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Part II: Rushing to the .NET

Just returning from a MS Developer Days event, it looks like a lot of MS Shops are going to be switching to Visual Studio.NET. In the audience of a more than a thousand developers, most have already begun playing around with the new languages and features of the .NET Framework. Surprisingly, most had not yet tried to develop a Web Service.

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Our .NET Web Service
Fortunately, we recently had the opportunity to develop a .NET web service. We support an online e-tailer and a new partner asked that they be able to submit sales orders from their site to our clients system in an automated way. At first our client and partner's expectations were fairly low (we can send you a file, post a message, maybe post an XML message). This partner is a large content providing company.

Giving it about 10 minutes of thought, our development team came to conclusion that it would be faster and easier to develop a Web Service using Visual Studio.NET to let the Partner interact with the system. A big question was "Will the Partner agree?". It took about 5 minutes to get a response from the Partner to say "Sure, let's do it". The Partner's developers were actually surprised that another firm would offer developing a Web Service for them.

Our payment web service allows the client to create and populate Order and Customer objects, then pass these objects as parameters if a Web Method to our server via SOAP. Most of the properties of these objects are String and Double data types and the order line items are in a String Array.

Reusing some code and logic from the website and creating about five VB.NET classes, it took about a week to put a prototype together and within another two weeks we were ready for testing. Orders are passed into our order processing web service from the partner. Credit card information is validated and authorized if needed, and a status object or nice error message is being passed back. We did have some problems with an array we were passing but switching from the old-style VB 'UBound' function to the new OOP style 'Length' property solved most of the problem regarding this issue. In the process I rebuilt our test client using C#. A rather simple task, but it was the first time I had to use this new language and the biggest problem was finding information and sample code for a Web Service Client in C# (which we never found but after a couple of hours had everything working).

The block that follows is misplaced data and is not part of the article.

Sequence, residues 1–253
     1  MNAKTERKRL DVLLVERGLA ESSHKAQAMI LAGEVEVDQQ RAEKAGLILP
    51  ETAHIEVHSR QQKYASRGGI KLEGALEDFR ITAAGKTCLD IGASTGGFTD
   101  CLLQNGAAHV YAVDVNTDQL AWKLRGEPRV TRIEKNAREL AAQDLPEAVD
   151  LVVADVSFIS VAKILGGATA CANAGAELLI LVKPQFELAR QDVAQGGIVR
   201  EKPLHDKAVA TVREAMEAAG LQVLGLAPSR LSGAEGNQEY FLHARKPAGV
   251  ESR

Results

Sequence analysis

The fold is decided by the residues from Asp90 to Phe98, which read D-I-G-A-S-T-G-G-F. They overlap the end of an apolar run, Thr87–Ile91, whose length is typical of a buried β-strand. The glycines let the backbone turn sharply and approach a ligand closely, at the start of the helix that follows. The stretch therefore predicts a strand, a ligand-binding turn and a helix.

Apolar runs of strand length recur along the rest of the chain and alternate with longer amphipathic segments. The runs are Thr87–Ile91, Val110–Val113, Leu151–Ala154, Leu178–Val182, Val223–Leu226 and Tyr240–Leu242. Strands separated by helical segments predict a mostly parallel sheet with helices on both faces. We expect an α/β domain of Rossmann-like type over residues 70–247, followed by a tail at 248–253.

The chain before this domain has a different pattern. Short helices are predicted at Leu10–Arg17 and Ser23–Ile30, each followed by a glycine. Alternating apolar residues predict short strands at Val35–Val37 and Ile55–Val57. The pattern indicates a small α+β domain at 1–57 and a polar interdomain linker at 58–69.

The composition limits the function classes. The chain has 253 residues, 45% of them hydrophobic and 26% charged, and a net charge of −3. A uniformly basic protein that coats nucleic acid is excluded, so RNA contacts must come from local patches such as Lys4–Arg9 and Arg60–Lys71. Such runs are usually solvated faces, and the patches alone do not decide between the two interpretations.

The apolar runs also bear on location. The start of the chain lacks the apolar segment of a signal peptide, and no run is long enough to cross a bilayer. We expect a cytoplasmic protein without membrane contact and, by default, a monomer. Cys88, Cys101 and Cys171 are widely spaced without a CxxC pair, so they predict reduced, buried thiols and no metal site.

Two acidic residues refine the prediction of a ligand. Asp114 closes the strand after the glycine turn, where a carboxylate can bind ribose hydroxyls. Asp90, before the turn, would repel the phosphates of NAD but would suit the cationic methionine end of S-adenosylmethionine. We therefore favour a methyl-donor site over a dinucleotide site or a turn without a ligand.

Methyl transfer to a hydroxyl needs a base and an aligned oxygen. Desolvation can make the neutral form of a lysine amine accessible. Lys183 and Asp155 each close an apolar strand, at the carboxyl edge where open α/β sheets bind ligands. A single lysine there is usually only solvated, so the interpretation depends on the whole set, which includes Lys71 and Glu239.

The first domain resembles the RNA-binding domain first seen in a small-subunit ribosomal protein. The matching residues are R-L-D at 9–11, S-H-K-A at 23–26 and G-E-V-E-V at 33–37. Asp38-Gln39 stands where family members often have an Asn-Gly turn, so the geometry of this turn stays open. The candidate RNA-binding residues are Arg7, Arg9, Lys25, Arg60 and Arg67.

Since the code is object oriented and compiled, we have run into a few very minor bugs but other than that, things have gone very smooth. We also hope to offer order status, shipping and possibly an order tracking web methods as well to provide the partner with greater functionality.

Eventually, the e-tailers own web site and accounting programs can use this Web Service and all order processing can be done in one place or at least with one code base. For stability and performance issues the .NET services are running on another server not to tie up the regular web servers with additional processes. Security, authentication to be precise, is still an issue but with strong application security and SSL, I feel our application is very secure and scalable, offering partners a means of submitting orders without worrying about the 3,000 anonymous visitors browsing the web site.

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